ROXANNE LIEB, Institute for Public Policy: For serious offenders with a long history there isn’t, as far as I’m aware, any research demonstrating a particular technique that can be used. For sex offenders as a whole there are–there have been some studies which have showed some promise, particularly with–as I mentioned–incest offenders–you can get good results. So it’s not something, in my estimation, to give up on. On the other hand, it’s not something–it would be foolish to suggest that everyone should be treated and that should be all that needs to be done, and we should forget about any kind of prison terms.

ROD MINOTT: Despite the lack of data on treatment, Lieb still thinks Washington’s sex crime laws have been beneficial.

ROXANNE LIEB: We’ve done a study of community notification, looked at the comparison of recidivism rates between a similar group of offender subject to notification and those that weren’t and found that their recidivism rates were actually quite comparable but what the difference was, was that the people who were subject to notification were rearrested twice as quickly.

ROD MINOTT: Lucy Berliner, an expert on sexual assault, says civil commitment may be the best way of finding out if chronic sex criminals can be successfully treated at all.

LUCY BERLINER, Harborview Sexual Assault Center: We would have an opportunity to test whether or not there is such a thing as an effective treatment if the civil commitment statute were found constitutional because, in effect, these guys would be faced with a reality that unless they show people that they are less dangerous, unless they actively engage in the treatment process, they are not going to get out.

ROD MINOTT: The law allows for conditional release only after completing therapy. Even so, most of the special commitment center’s 45 residents still refuse treatment. One resister is Richard Turay, a three-time convicted rapist.

RICHARD TURAY, Convicted Rapist: I’m litigating this law. I’m fighting it through the courts and challenging it, and I have no desire to participate in anything here. And I won’t.

ROD MINOTT: Are you a sexual predator?


ROD MINOTT: Why don’t you think you’re–why don’t you consider yourself a sexual predator?

RICHARD TURAY: Because I don’t. I’m not. Hey, I’ve had a couple of incidents in my life. You know, that’s in my past. Seventeen years ago, nineteen years ago–I don’t owe anybody any explanation for my past.

ROD MINOTT: Washington State residents may have no choice but to live with even more sex offenders like Turay as their neighbors. A federal district judge recently ruled Washington’s sex predator law unconstitutional. That decision is on appeal. Meantime, the U.S. Supreme Court is reviewing a Kansas statute modeled on Washington State’s. A negative ruling in either case is likely to set free Washington State’s 45 sexual predators with virtually no limits on their movements. Sarah Sappington of the state attorney general’s office.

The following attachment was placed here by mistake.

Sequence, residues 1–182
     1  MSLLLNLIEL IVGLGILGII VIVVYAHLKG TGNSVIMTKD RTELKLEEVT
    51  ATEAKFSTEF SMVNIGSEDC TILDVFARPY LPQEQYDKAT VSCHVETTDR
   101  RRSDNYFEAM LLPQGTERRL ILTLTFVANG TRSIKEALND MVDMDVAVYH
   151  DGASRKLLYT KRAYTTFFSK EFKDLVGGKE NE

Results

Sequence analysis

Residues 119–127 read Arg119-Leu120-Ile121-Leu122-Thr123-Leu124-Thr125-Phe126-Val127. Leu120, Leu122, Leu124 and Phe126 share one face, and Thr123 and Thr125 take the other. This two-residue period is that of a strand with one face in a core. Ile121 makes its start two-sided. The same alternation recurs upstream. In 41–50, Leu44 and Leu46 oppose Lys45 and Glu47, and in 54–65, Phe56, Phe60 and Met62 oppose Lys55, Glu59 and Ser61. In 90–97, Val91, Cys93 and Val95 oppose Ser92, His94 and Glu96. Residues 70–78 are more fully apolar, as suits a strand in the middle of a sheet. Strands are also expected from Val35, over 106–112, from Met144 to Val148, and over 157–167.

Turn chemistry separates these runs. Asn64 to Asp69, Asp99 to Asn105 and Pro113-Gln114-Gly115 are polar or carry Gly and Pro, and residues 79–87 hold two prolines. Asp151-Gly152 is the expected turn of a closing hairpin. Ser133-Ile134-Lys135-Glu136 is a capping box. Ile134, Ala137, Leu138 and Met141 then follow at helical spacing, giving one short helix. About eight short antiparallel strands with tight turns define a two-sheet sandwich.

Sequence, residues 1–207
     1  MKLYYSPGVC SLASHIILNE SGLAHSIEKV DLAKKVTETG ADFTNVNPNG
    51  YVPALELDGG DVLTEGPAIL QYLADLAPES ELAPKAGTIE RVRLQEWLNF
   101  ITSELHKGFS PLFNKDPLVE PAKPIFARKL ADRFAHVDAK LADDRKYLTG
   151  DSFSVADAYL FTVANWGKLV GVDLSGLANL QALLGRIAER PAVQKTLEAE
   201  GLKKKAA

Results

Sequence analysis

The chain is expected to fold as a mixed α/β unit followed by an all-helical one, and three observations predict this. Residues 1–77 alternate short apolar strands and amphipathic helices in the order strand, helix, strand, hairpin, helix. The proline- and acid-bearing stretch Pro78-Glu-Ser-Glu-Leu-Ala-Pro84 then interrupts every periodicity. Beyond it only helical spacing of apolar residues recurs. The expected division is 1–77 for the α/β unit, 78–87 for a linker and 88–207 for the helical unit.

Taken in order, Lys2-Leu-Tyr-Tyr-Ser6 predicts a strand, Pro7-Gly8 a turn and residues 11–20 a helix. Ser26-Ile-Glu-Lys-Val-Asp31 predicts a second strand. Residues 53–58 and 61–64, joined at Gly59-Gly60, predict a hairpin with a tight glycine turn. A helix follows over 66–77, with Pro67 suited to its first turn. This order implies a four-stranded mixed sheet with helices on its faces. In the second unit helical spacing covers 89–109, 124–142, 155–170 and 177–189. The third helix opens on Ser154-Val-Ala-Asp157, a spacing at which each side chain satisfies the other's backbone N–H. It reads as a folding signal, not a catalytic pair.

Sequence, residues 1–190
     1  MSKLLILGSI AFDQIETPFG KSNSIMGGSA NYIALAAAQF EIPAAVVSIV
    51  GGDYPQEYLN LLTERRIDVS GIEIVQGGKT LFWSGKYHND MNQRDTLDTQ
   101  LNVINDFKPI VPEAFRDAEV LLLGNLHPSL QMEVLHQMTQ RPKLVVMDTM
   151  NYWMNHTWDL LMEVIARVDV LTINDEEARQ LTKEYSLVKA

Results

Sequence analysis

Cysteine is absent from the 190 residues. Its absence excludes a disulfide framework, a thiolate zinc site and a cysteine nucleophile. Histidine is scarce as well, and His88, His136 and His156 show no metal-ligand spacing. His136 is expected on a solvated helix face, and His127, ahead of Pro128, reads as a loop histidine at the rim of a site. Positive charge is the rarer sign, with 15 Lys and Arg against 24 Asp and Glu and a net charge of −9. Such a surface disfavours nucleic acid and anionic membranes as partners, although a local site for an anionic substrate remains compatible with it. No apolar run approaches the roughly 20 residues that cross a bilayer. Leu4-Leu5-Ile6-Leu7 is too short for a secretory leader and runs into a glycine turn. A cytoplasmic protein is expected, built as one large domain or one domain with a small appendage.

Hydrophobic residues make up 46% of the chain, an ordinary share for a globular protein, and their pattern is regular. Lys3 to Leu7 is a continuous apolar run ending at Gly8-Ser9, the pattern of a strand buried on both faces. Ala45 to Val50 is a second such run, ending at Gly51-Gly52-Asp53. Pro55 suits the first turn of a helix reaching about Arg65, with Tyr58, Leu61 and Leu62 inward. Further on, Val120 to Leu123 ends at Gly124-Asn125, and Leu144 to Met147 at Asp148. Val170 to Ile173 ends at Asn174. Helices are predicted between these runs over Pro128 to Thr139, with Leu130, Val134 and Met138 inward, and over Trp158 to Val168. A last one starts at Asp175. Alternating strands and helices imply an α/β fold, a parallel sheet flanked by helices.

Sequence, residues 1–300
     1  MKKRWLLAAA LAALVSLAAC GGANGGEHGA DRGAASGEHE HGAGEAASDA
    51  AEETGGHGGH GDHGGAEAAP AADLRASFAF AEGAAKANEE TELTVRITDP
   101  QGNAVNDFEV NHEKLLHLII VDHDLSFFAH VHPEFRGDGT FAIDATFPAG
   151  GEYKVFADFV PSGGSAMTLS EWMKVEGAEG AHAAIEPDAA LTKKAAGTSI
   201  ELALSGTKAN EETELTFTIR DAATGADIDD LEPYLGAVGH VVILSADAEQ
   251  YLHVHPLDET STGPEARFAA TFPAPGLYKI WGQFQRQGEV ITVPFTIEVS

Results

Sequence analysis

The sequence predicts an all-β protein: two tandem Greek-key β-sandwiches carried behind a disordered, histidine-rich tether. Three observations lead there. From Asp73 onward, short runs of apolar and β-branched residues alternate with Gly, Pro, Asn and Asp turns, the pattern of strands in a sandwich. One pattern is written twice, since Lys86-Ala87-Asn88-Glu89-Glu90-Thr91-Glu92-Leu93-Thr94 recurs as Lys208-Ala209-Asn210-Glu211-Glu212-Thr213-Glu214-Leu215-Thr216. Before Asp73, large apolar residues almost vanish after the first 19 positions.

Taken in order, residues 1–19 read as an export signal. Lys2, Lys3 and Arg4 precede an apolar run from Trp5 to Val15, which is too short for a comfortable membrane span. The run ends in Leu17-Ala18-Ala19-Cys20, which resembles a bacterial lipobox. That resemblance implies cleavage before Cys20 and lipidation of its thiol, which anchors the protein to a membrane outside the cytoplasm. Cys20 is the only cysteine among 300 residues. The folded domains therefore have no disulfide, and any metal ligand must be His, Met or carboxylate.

SARAH SAPPINGTON: All of these people have been found to present a risk to public safety, so, yes, there is going to be a greater risk to public safety if these people are released. On the other hand, the law enforcement is aware of this problem. They will be tracking each of these individuals as much as they possibly can. They will all be required to register, and so law enforcement will do all that is humanly possible to minimize the risk to the public.

ROD MINOTT: Police Chief Lepiane worries minimizing that risk may be impossible.

DENNIS LEPIANE: We’re going to have to monitor them as closely as we can without any help from the courts. And we certainly aren’t going to be able to post a man at their residence or in the vicinity of their residence 24 hours a day, so it’s kind of a hit and miss proposition, quite frankly, and all bets are off.

ROD MINOTT: Meanwhile, Joseph Aqui said he is well aware that he has the potential for relapsing into his old behavior and of raping again.

JOSEPH AQUI: I think that’s a valid fear that I have. And I think what I do with that is I let that motivate me more and more to do everything I can to prevent that from happening. And that’s the way I’ve approached my achievement here–not just to get out but to stay out.

ROD MINOTT: Only a handful of the 45 sex felons at the SCC are seeking therapy as a possible way out. The majority, like Richard Turay, continue to hope that freedom will soon come from the courts, rather than a treatment program.